is due” and he wished Bert [Bomber] Harris could send some of his surplus bombers to destroy them." Clement Attlee, who came to power within months, did not share Churchill’s Hindu-phobia. There were also historic ties between Labour and Congress. Yet his government nevertheless agreed that a separate Pakistan was vital to Britain’s global interests. By early 1947, British policymakers realised they had to withdraw from the subcontinent, but still wanted a military presence there: to protect Britain’s position in the century-long Great Game with Russia, and to protect the sea routes to Arabian oil wells. Partition, the foreign secretary Ernest Bevin told the Labour party conference that year, “would help to consolidate Britain in the Middle East”. British strategy was also shaped by Pakistan’s wish to remain in the Commonwealth, while India wanted out. By the end of the war, what little love there had been between the Raj and Congress had long evaporated, as most of the party’s leaders spent much of the war inside British jails. They had refused to co-operate with the war effort unless their masters promised freedom when peace came. Regarding this as blackmail during the empire’s “darkest hour”, the British made mass arrests and banned the party. In such circumstances, it was understandable that the pleas of both Churchill and Attlee that the king-emperor should remain as head of state were ignored. British hopes for the country that emerged were not high. Just before he left India in 1943, the Viceroy of India, Lord Linlithgow, forecast that it would take Indians at least 50 years to learn how to practise parliamentary democracy. Even then, he felt it would require much tutoring from the British and other Europeans, whom he thought could be tempted to the subcontinent by the arrival of air-conditioning. (Once they didn’t have to worry about the heat, he reasoned, some six million Britons could be persuaded to settle in India to take on the task.) That democracy took root so quickly and successfully owes much to Jawaharlal Nehru, the first and longest-serving prime minister of India, who was in office from 1947-64. So well did the system embed itself that when his daughter Indira imposed emergency rule in the 1970s – the closest India has come to a dictatorship – it was ended not by tanks rolling down the streets of Delhi, but through the ballot box. That election showed, as have many since then, that ordinary Indians, many of them poor and illiterate, value their vote (perhaps even more than the rich, who feel money can buy them influence). They queue for hours in the baking heat to cast their ballots. Before the Second World War, the Raj’s relationship with India was like a father promising to allow his stepson to come into his inheritance at some unspecified date in the distant future. It never quite believed that there could ever be a time that this brown person would be capable of managing the estate. This general election campaign may have exposed just how fractured the political classes are today, with numerous caste, religious and communal groups competing and doing deals with each other. The Congress-led United Progressive Alliance may have completed its five-year term of office, but many of its allies, including cabinet ministers, are opposing Congress at local level. Some of them make no secret that they aspire to the prime ministership, and all of them are aware that, as the Times of India put it: “Opportunistic post-poll equations will be more important than the pre-poll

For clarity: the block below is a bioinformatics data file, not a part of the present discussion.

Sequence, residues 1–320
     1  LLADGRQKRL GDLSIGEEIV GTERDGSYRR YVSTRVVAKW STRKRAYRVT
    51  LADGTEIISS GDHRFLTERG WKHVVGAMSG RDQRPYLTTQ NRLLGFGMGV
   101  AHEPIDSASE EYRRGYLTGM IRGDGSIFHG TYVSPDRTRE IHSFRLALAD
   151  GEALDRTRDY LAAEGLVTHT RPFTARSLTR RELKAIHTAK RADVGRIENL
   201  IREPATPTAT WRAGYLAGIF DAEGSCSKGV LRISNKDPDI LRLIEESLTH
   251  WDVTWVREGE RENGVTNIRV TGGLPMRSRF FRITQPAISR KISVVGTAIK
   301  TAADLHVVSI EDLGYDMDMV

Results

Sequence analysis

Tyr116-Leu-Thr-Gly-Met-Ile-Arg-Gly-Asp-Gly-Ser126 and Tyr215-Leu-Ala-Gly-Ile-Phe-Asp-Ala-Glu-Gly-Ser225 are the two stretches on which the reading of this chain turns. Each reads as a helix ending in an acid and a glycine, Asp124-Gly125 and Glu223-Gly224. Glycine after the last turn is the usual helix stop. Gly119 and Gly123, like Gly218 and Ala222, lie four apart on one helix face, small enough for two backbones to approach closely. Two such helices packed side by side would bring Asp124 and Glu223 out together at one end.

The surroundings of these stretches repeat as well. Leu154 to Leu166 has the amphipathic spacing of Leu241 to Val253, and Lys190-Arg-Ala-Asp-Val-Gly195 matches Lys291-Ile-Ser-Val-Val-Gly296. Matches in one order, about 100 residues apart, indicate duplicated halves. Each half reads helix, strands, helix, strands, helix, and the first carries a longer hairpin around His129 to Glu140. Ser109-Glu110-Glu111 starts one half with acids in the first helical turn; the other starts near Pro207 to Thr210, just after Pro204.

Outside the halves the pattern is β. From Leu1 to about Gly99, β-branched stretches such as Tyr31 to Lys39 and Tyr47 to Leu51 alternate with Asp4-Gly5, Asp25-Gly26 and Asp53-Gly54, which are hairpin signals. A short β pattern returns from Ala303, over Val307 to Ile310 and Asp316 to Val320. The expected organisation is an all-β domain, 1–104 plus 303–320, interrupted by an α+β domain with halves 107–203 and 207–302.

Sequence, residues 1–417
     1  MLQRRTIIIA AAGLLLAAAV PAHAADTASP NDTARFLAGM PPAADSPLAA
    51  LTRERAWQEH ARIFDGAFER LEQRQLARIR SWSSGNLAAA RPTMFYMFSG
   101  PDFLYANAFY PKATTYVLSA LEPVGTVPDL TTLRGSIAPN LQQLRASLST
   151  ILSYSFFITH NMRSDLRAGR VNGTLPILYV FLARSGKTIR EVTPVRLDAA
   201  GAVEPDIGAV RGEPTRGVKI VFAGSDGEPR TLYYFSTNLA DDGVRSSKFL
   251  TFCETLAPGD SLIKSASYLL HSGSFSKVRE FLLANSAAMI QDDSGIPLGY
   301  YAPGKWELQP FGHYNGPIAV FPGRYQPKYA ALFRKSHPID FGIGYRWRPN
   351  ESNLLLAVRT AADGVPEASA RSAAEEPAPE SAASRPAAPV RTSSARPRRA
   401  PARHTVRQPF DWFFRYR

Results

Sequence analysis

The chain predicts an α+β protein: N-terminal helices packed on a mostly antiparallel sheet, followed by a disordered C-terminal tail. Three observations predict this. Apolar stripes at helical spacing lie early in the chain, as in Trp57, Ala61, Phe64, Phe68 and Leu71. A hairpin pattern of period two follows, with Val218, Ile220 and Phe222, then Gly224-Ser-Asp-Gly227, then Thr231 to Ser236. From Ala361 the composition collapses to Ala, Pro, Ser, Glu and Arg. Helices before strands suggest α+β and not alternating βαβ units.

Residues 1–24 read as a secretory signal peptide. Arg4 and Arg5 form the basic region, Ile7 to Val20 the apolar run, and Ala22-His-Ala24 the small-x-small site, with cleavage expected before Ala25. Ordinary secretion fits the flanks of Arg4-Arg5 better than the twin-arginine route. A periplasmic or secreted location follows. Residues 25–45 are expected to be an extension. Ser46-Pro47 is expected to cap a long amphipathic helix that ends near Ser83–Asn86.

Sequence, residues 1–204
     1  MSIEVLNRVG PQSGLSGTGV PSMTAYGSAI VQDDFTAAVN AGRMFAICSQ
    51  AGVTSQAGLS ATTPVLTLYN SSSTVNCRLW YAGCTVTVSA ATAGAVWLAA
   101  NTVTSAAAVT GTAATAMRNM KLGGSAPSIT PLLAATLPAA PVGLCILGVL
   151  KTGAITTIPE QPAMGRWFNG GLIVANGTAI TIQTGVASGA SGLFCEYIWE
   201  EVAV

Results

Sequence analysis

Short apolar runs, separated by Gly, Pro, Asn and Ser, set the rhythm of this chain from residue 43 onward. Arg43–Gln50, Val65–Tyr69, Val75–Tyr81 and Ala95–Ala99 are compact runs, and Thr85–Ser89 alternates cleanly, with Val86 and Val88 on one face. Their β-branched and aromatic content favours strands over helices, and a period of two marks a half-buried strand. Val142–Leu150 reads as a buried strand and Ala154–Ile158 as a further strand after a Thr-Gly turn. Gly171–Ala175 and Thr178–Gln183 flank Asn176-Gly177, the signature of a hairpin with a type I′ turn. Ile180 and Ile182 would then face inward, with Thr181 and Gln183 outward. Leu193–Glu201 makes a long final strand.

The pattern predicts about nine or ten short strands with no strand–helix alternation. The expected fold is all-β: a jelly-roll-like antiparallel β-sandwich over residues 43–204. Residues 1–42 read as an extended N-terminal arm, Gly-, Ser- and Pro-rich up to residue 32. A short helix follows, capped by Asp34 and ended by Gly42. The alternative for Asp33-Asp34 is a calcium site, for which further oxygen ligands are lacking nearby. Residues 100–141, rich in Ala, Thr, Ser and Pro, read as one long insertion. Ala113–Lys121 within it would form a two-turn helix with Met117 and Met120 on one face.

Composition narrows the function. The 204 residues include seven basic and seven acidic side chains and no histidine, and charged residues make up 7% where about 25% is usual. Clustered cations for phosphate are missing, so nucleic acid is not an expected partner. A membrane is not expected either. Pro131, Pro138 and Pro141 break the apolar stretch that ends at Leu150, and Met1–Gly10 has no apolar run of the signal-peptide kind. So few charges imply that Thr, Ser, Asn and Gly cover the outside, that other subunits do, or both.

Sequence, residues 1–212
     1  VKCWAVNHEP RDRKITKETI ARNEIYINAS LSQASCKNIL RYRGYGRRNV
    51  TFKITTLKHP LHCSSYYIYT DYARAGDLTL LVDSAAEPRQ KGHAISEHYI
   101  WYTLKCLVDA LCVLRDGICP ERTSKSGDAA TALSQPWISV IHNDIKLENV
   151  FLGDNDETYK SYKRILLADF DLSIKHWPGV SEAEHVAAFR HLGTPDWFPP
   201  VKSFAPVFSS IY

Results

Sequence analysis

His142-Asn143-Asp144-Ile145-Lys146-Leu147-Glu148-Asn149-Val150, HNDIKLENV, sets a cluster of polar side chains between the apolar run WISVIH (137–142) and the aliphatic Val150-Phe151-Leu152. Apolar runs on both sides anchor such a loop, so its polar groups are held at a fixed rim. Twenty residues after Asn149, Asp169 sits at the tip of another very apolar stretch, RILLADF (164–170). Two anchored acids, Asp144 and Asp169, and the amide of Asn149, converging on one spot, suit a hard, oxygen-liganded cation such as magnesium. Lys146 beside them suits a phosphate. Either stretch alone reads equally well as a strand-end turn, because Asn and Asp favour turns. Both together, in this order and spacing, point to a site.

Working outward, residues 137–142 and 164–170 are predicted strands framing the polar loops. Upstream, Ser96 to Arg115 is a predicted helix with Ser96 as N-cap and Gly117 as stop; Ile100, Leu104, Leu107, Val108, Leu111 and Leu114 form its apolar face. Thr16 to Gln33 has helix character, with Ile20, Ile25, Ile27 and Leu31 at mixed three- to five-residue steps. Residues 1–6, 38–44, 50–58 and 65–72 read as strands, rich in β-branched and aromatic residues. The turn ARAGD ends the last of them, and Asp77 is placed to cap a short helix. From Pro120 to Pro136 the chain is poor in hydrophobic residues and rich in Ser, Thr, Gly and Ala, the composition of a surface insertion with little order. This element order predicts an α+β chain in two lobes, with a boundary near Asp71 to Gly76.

pitch of the parties.” Yet the patchwork quilt that is made up of British India and the hundreds of princely states united and survived, and still manages to do so despite all the challenges that could have led to that Balkanisation predicted by old Raj hands. The likes of Tucker, Churchill and Kipling were proved wrong: constructing the new nation of India was not, after all, beyond the Indians.